And life is now not worth a moment's pause. Till Mahomet himself there stopped their en- Do you not know me yet-think of the man trance,
You have most cause to curse, and I am he. A javelin in his hand, and turned them back Cal. Ha ! Phocyas? Upon the foe; they fought again, and conquered. Abu. Phocyas !-- Mahomet, we thank thee ! Behold how we may best appease his wrath! Now dost thou smile again. His own example points us out the way.
Dar. (Aside.] O devil
, devil ! Abu. Well-be it then resolved. The indul. And I not know him 'twas but yesterday
He killed my borse, and drove me from the field. Of better fortune is, I hope, at hand.
Now I'm revenged! No; hold you there, not And yet, since Phocyas has appeared its cham
Not while he lives. How has this city raised its drooping head ! Cal. (Aside.) This is indeed a prize! As if some charm prevailed where'er he fought, Is it because thou know'st what slaughtered heaps Our strength seems withered, and our feeble There, yet unburied, lie without the camp, weapons
Whose ghosts have all this night, passing the ZoForget their wonted triumph--were he absent
rat, Cal. I would have sought him out in the last Called, from the bridge of death, to thee to folaction
low, To single fight, and put that charm to proof, That now thou'rt here to answer to their cry? Had not a foul and sudden mist arose
Howe'er it be, thou know'st thy welcome Fre I arrived, to have restored the combat.
Pho. Yes, But let it be'tis past. We yet may meet, Thou proud, blood-thirsty Arab !-Well I know And 'twill be known whose arra is then the What to expect from thee: I know ye all. stronger.
flow should the author of distress and ruin
Be moved to pity? That's a human passion. Enter Daran.
No--in your hungry eyes, that look revenge, Dar. Health to the race of Ismael! and days I read my doom. Where are your racks, your More prosperous than the last—a christian cap
tortures ? tive
I'm ready-lead me to them; I can bear Is fallen within my watch, and waits his doom. The worst of ills from you. You're not my Cal. Bring forth the slave !-0 thou keen vul- friends, ture, Death!
My countrymen.—Yet, were you men, I could Do we then feed thee only thus by morsels! Unfold a story—But no more—Eumenes, Whole armies never can suffice thy anger. Thou hast thy wish, and I am nowma worm! Daran goes out, and re-enters with Phocyas.
Abu. (To Cal.uside.) Leader of armies, hear
him! for my mind Whence, and what art thou ?--Of Damascus ? – Presages good accruing to our cause Daran,
By this event. Where didst thou find this dumb and sullen thing, Cal. I tell thee, then, thou wrong'st us, That seems to lour detiance on our anger? To think our hearts thus steeled, or our ears deaf Dar. Marching in circuit, with the horse thou To all that thou mayest utter. Speak, disclose gavest me,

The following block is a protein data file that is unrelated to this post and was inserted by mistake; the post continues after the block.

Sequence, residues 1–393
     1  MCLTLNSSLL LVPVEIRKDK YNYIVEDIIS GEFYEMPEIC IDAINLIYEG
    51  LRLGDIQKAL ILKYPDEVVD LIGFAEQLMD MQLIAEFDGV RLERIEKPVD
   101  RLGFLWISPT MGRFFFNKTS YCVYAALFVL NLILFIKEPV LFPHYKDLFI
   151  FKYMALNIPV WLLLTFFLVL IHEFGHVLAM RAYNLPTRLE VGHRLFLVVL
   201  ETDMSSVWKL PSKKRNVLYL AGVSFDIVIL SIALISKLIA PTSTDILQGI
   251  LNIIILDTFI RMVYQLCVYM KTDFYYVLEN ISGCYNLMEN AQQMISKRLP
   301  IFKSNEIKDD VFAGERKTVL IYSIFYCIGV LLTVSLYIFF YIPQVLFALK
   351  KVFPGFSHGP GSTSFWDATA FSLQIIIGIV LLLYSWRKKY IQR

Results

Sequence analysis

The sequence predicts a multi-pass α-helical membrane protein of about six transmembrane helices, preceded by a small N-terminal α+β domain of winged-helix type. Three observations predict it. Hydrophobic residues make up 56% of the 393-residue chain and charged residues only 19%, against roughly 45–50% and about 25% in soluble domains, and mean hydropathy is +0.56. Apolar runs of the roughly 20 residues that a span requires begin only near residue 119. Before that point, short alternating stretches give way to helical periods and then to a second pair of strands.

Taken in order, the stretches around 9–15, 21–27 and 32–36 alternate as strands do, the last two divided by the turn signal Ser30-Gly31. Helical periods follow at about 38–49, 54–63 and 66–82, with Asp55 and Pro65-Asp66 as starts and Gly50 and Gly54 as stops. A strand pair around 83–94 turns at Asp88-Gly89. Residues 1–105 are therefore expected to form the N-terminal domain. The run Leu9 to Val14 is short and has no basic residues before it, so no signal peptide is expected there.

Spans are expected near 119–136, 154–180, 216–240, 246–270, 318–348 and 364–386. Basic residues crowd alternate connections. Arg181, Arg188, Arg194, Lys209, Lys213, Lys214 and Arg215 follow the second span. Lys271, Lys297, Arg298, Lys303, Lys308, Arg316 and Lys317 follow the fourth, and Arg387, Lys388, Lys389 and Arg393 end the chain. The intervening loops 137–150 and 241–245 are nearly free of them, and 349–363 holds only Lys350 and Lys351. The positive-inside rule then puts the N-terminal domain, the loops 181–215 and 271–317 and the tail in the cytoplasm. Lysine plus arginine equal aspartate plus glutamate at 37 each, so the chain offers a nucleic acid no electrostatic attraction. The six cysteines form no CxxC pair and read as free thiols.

The secret woes that throb within thy breast. To observe the city gates, I saw from far Now, by the silent hours of night, we'll hear Two persons issue forth; the one advanced,
thee, And, ere he could retreat, my horsemen seized And mute attention shall await thy words. him;
Pho. This is not, then, the palace in DaThe other was a woman, and had fled,
mascus ! Upon a signal given at our approach,
If you will hear, then I, indeed, have wronged And got within the gates. Wouldst thou know you. more,
How can this be?-when he, for whom I've Himself, if he will speak, can best inform thee.
fought, Cal. Have I not seen thy face?
Fought against you, has yet refused to hear me! Abu. [To Caled] He hears thee not:
You seem surprised. It was ingratitude
That drove me out an exile from those walls, In words with thee. Thou know'st thy doom Which I so late defended.
farewell. Abu. Can it be?
Abu. (To Cal. Aside.] Hear me,
grant Are these thy Christian friends ?
him some short space; Cal. 'Tis well-we thank them :
Perhaps he will at length accept thy bounty. They help us to subdue themselves—But who Try him, at least Was the companion of thy flight I-A woman? Cal. Well-be it so, then. Daran, So Daran said
Guard well thy charge-Thou hast an hour to Pho. 'Tis there I am most wretched
live; Oh! I am torn from all my soul held dear, If thou art wise, thou may'st prolong that term; And my life's blood flows out upon the wound ! If not-why-Fare thee well, and think of death. That woman L’twas for her-How shall I speak
[Exeunt Cal. and Abu. it?
Pho. [Dar, waiting at a distance.] Farewell, Eudocia, Oh farewell !—I'll tell you, then,
and think of death! Was it not so? As fast as these heart-rending sighs will let me; Do murderers then preach morality ?I loved the daughter of the proud Eumenes, But how to think of what the living know not, And long in secret wooed her; not unwelcome And the dead cannot, or else may not tell ?To her my visits; but I feared her father, What art thou, O thou great mysterious terror! Who oft had pressed her to detested nuptials, The way to thee we know ! disease, famine, And therefore durst not, till this night of joy, Sword, fire, and all thy ever-open gates, Avow to him my courtship. Now, I thought her That day and night stand ready to receive us. Mine, by a double claim, of mutual vows, But what's beyond them I-Who will draw that And service yielded at his greatest need :